Cholesterol? Don’t Forget the Triglycerides!

Photo by Rob Qld via Flickr

Photo by Rob Qld via Flickr

Darla felt good about her health when she went to her annual checkup. She had monitored her cholesterol and blood pressure for over a year and both were in desirable ranges.  So, she was surprised when her doctor told her that her triglyceride levels were high and had to be monitored also.

When Darla thought that cholesterol and blood pressure were the only things she needed to keep an eye on to manage her heart attack risk, she was wrong.  Heart health is about more than merely maintaining good cholesterol and blood pressure levels.  Having high triglyceride levels also increases your risk of a heart attack, stroke and heart disease.

What are triglycerides?
Triglycerides are a type of lipid that circulates in your blood, unable to dissolve.  Instead, they circulate through the body with the help of lipoproteins, possibly contributing to the hardening of the arteries.  They do serve a purpose, though.  Triglycerides play an important role in metabolism as energy sources and transporters of dietary fat.

How are they made?
Triglycerides are derived from the fat in the foods we eat or from other energy sources, like carbohydrates, which are converted later in in the body.  If you eat more calories than you need right away, the extra calories are converted into triglycerides and stored in fat cells.  When your body needs energy between meals, hormones release triglycerides for energy use.  So, if you eat more calories than you burn, you are more likely to have high levels of triglycerides.

What can I do to lower triglycerides?
Changes in lifestyle are the key to fighting high triglycerides.  Luckily, the lifestyle changes needed are very similar to those used to lower cholesterol.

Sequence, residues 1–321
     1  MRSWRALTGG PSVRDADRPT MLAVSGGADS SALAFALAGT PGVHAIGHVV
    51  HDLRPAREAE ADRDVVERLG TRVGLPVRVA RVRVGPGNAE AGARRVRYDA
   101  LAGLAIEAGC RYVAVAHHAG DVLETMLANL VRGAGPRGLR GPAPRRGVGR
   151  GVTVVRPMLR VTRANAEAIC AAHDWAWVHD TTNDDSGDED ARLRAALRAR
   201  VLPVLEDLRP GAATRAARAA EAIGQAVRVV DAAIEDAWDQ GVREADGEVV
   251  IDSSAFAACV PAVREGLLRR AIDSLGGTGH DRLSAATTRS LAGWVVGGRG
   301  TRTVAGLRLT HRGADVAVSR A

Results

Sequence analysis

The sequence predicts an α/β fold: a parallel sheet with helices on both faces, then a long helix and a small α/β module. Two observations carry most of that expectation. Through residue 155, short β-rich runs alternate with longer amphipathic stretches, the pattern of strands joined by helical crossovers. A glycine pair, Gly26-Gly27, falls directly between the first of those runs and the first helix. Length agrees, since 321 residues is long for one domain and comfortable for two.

1. If overweight, lose weight: Cut down on excess calories and work on reaching your ideal body weight.  After all, excess calories are converted to triglycerides and stored as fat.
  2. Eat a heart healthy diet: Reduce the saturated fat and cholesterol content of your diet and eliminate trans fats.  You need fat in your diet, but substitute monounsaturated and polyunsaturated fats for saturated fats. Also, avoid sugary and refined products and eat more fruits, vegetables, whole grains and low fat dairy products.  Those have less calories and therefore should contribute fewer triglycerides.  And substitute fish high in omega-3 fatty acids like salmon, mackerel, herring and sardines for meats high in saturated fats.  Omega-3 fatty acids reduce triglyceride levels.
  3. Limit or avoid alcoholic beverages: Alcohol has a potent effect on triglycerides.  Even small amounts of alcohol can significantly raise triglyceride levels.  So, watch how much you drink.
  4. Exercise on a regular basis: Not only does regular physical activity increase the good cholesterol while lowering the bad cholesterol, it also decreases triglyceride levels.  So, move at least 30 minutes a day at a moderate intensity, 5-7 days a week.

Of course, if you have high triglycerides, talk to your doctor about what the best course of action is for your specific situation.

The bottom line:
Cholesterol is not the only thing that needs to be monitored these days.  Keeping triglycerides at a desirable level is also key for heart health.  By leading a healthy lifestyle and keeping your weight at a desirable level, you can do a lot towards controlling both your cholesterol and triglyceride levels.  So, be proactive and lead a healthy lifestyle.  It can make all the difference!

Comments (4)

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  1. […] Cholesterol? Don’t Forget the Triglycerides! http://www.beinghealthy.tv/archives/cholesterol-2 – view page – cached Darla felt good about her health when she went to her annual checkup. She had monitored her cholesterol and blood pressure for over a year and both — From the page […]

  2. Maria Isabel says:

    Thanks for the reminder about lowering the triglycerides. I love sweets!!!

  3. Ramona Mayfield says:

    Enjoyed your pod cast. Informative and well written.

  4. Dr. Sunil Khosla says:

    the information proveded is of utmost importance and is an eye opener for good health

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